On the day of Hamilton’s death, a corrections officer observed him standing on his bed at 11 am, according to the officer’s testimony. The officer did not speak to Hamilton.
About 24 minutes later, when the officer checked the cell again, Hamilton was hanging from a ceiling vent with a bedsheet tied around his neck.
The officer did not immediately attend to Hamilton, according to his testimony. He called out the inmate’s name and called a fellow correctional officer over when Hamilton didn’t respond, he told the court.
The two officers observed that Hamilton’s feet appeared to be touching the bed and the floor and his hand was clenched in a fist. The two men decided not to go inside the cell, fearing it was a trap, they said.
The officers called a sergeant who immediately directed them to go inside and remove Hamilton from the bedsheet and perform life-saving measures, the judge said in the decision.
At the trial, Hamilton’s family called a former deputy warden of programs from the New York City Department of Corrections, Francis Rosato-Maurino, as an expert witness to comment on the actions of the corrections officers.
She testified that the correction officers violated the applicable standard of care by not immediately entering the cell and assisting Hamilton even if they believed he was faking the incident.
The judge found that the state was liable for Hamilton’s pain, suffering and death as a result of negligent supervision.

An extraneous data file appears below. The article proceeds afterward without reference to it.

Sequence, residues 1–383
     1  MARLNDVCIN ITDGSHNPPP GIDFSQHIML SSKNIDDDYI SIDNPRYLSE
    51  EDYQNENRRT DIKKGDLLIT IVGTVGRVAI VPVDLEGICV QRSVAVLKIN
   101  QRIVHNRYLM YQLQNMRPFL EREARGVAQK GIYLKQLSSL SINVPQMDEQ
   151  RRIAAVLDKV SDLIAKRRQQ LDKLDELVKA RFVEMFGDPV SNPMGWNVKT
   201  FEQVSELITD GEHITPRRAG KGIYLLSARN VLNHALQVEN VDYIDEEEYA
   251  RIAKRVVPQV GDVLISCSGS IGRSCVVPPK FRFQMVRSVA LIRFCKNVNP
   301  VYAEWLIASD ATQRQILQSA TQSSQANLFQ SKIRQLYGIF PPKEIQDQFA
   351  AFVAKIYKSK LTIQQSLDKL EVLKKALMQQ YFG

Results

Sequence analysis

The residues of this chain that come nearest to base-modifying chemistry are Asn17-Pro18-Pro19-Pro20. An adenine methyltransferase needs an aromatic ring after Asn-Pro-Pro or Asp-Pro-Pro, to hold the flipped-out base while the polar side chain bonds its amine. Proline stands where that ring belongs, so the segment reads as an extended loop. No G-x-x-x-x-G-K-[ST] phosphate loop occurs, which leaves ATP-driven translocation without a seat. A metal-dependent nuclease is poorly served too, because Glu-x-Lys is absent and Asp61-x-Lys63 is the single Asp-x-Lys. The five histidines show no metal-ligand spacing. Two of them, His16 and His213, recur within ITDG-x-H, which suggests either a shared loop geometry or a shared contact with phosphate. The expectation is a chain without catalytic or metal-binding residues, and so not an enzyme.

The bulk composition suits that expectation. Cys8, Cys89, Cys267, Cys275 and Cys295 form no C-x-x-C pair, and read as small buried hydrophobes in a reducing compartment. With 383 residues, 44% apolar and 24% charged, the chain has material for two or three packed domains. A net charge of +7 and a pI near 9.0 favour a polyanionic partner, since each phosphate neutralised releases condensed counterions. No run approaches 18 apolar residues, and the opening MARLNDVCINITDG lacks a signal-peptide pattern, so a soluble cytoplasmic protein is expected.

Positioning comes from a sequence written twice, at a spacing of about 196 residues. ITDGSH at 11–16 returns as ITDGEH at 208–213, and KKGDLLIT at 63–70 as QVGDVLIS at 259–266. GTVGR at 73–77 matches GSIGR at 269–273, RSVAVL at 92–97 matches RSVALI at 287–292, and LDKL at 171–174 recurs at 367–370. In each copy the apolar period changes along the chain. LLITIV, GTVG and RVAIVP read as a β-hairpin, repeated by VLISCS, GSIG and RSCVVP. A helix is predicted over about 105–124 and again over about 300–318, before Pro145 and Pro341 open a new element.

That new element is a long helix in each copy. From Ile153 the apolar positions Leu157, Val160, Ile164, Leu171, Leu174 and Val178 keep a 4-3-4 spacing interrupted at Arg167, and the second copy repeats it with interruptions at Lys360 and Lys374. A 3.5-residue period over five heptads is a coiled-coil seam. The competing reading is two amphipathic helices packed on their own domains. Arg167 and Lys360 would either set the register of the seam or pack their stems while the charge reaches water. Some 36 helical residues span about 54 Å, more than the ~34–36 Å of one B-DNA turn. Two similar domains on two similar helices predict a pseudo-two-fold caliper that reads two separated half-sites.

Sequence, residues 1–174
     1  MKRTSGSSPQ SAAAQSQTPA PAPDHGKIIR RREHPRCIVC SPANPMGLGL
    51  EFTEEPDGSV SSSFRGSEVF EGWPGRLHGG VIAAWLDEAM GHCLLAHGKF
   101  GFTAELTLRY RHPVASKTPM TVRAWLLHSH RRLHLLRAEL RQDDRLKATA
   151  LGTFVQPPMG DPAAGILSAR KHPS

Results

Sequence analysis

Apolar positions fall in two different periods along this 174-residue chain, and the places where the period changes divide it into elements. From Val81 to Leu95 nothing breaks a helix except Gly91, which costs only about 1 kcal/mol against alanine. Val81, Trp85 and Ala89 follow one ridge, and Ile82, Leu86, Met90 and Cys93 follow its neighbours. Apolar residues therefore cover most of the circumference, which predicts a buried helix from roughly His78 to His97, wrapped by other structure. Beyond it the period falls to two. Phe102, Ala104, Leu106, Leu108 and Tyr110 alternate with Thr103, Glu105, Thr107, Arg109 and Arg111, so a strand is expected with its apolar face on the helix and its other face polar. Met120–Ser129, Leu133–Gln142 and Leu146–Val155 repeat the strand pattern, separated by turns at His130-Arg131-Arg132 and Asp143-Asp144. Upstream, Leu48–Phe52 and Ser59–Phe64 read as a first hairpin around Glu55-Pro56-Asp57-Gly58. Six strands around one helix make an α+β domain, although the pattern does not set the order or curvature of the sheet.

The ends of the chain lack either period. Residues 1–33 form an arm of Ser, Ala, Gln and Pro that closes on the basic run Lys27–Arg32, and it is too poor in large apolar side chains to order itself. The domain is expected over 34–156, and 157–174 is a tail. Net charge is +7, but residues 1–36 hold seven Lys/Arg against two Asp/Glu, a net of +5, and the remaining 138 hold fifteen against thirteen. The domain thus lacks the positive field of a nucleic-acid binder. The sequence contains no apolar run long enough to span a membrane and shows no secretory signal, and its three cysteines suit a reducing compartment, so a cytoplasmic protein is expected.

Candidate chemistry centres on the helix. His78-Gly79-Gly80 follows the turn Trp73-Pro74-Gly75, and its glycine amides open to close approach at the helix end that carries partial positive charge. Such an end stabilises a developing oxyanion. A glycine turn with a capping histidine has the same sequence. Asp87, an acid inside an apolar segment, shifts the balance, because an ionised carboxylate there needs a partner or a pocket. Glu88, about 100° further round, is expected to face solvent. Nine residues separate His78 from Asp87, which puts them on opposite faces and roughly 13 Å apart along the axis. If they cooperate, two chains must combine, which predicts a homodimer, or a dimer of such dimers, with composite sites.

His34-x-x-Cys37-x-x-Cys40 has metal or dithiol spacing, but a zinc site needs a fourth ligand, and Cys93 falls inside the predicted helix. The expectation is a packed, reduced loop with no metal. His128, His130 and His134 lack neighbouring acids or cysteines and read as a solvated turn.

As a result, Hamilton’s father was awarded 1.1 million as reasonable compensation for his son’s conscious pain and suffering before his death.
The court of clams also ruled that the prison administrators did not take the proper steps to notify the family of their loved one’s passing. The facility chaplain, who was tasked with contacting the family, failed to reach them by phone but never sent them a letter or contacted local law enforcement to reach out.
By burying Hamilton without exhausting all methods of contacting the family, the prisoner violated the right of sepulcher, which the law describes as the right to choose and control the burial of a deceased person.
Hamilton’s father was granted an additional $ 400,000 based on the emotional damage he sustained from having to witness the exhumation of his son’s body because they were not given the opportunity to properly bury him.
The lawsuit also filed a complaint for wrongful death, but that action was dismissed. This claim was dismissed because the family could not prove that they suffered financial losses as a result of this complaint, according to court documents.
The family’s lawyer, Zachary Giampa of Giampa Law, said that these cases are rarely won and praised the court for forcing the state to face some accountability for the safety of inmates.
Hamilton’s body was removed from the prison ground and he was given a funeral held with a closed casket in his hometown, the Bronx.
Staff writer Anne Hayes covers breaking news, crime and public safety. Have a tip, a story idea, a question or a comment? You can reach her at email@example.com.